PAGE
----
Trusting in science and the medical community. Leading authorities from the medical community are stipulating the need for mask wearing and social distancing based on scientific research. This can lend to teaching kids about trust for medical interventions and the greater medical community so that they hopefully follow up in adulthood with their annual exams, preventative health screening tests, immunizations, etc.
Avoid having attachments. Teaching kids not to get caught up in their “shoulds” and ideas about the way things ought to or must be. Teaching kids the need for flexibility and not getting too attached to ideas and things are valuable lessons. As we now see life can change on a dime and we have to be able to bend and pivot based on the circumstances that we’re presented with.
Life is full of human suffering. Suffering is part of life. We all suffer because it is part of the human condition. All we can do is manage as best as possible and get the support we need and deserve. Kids are typically very resilient; they fare even better when resilience and perseverance are modeled to them. That can include acknowledging thoughts, feelings, and behaviors that are prompted, and giving ourselves self-compassion throughout the process.
Asserting values and needs are necessary, even if it is not approved of, liked, or is the popular position. They may see their peers and other people doing things differently and may experience “missing out.” They will learn that if something is meaningful enough, it’s worth asserting their needs and position. They don’t have to compromise their fundamental values and needs just to fit in and be approved of by others.
The value of health. That kids can make compromises for the sake of their health because of how utterly important health is to us. That they can proactively do things to prevent and protect their health. Whether it’s wearing a mask and socially distancing, exercising, eating healthfully, taking vitamins, etc.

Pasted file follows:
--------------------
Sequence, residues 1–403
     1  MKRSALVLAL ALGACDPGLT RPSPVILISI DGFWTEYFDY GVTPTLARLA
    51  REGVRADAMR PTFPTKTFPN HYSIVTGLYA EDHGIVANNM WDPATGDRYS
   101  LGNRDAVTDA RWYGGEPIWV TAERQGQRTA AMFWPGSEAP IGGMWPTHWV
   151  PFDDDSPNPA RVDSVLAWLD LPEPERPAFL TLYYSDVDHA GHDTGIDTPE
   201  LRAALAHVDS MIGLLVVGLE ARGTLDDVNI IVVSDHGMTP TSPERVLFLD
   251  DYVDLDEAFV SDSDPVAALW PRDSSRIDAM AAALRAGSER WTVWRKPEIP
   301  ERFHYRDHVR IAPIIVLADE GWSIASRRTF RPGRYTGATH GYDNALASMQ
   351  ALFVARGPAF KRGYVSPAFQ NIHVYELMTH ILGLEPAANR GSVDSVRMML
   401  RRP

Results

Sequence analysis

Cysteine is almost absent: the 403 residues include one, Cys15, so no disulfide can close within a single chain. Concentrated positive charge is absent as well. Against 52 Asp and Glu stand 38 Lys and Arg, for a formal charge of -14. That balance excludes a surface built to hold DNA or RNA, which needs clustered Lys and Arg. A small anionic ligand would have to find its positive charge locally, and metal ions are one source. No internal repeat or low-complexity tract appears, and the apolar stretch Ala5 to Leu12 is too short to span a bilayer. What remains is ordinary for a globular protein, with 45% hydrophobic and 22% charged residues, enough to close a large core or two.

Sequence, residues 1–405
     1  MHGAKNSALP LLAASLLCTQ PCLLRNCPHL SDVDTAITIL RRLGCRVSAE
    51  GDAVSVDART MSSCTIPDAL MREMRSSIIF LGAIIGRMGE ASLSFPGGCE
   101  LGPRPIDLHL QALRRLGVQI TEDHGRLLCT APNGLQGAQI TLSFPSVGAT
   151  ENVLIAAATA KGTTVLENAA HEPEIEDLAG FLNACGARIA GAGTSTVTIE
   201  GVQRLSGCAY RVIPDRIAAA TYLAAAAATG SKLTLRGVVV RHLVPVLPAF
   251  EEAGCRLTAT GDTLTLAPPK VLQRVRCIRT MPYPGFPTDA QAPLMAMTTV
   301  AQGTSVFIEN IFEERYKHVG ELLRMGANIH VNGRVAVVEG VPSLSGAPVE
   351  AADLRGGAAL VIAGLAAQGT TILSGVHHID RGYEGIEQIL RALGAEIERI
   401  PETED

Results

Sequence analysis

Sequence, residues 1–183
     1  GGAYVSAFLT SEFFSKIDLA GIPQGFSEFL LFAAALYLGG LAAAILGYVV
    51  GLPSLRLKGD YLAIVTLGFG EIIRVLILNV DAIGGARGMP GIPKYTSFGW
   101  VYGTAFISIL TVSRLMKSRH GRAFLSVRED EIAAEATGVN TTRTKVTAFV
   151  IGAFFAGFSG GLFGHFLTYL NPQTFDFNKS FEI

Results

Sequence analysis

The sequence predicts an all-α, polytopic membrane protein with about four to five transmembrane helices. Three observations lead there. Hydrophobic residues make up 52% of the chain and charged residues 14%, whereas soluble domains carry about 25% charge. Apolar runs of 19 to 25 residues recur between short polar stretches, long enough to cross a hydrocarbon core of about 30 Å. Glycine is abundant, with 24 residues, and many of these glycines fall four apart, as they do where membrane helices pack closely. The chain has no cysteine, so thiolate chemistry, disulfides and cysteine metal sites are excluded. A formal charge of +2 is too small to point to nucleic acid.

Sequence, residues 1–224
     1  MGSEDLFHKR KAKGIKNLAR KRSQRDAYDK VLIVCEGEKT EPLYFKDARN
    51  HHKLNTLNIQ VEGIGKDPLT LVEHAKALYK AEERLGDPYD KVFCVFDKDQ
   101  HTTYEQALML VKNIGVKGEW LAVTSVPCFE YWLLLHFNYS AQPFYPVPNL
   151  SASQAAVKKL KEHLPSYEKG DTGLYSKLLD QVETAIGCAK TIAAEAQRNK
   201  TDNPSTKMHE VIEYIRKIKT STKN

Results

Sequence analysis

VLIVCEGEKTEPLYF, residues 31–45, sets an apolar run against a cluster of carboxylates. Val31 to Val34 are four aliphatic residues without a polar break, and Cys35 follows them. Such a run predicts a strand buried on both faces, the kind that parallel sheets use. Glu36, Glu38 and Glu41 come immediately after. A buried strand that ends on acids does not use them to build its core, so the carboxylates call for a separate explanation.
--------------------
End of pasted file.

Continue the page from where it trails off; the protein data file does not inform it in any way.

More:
Almost everything is a process. Most things don’t change overnight, and usually entails a gradual process. We have to see the process through in order to see long-term progress and change. Just like them learning to skate, play piano, drive a car, or earn a diploma. This is going to take time and they will eventually see change, and especially if individuals do their part.
If you want something bad enough, you need to dedicate concerted time, consistency, and effort. If they continue to do their part, each gesture they enact will facilitate change and improvement. They witness that as a family, that you are all willing to do that collaboratively and support each other through it all.
Helping the vulnerable and those in need. That even though they are likely to be physically okay if they contract it, that others may not be so fortunate. If they can possibly prevent that from happening that they are directly assisting those that are vulnerable. Also, they are leaning into their kindness, thoughtfulness, and care values because that is fundamentally who they are, and who they want to be. It additionally feels satisfying to be conscientious, caring, and asserting positive behaviors.
There are many critical lessons that your children can learn by your family extending themselves and wearing a mask. Through adversity and pain, there’s room for substantial strength and growth. This time has undoubtedly been challenging and we can all relate to fatigue brought about by this pandemic.
These are incredible teachable moments which could further connect you to your children because you are all doing something collaboratively to protect and show deep care towards others. Kids that tend to thrive are the ones that learn to adjust to adversity, change, and the unexpected. You could use these moments and future ones to instill flexibility and agility which will serve them well now and throughout their lives.
Blog posted on Psych Central.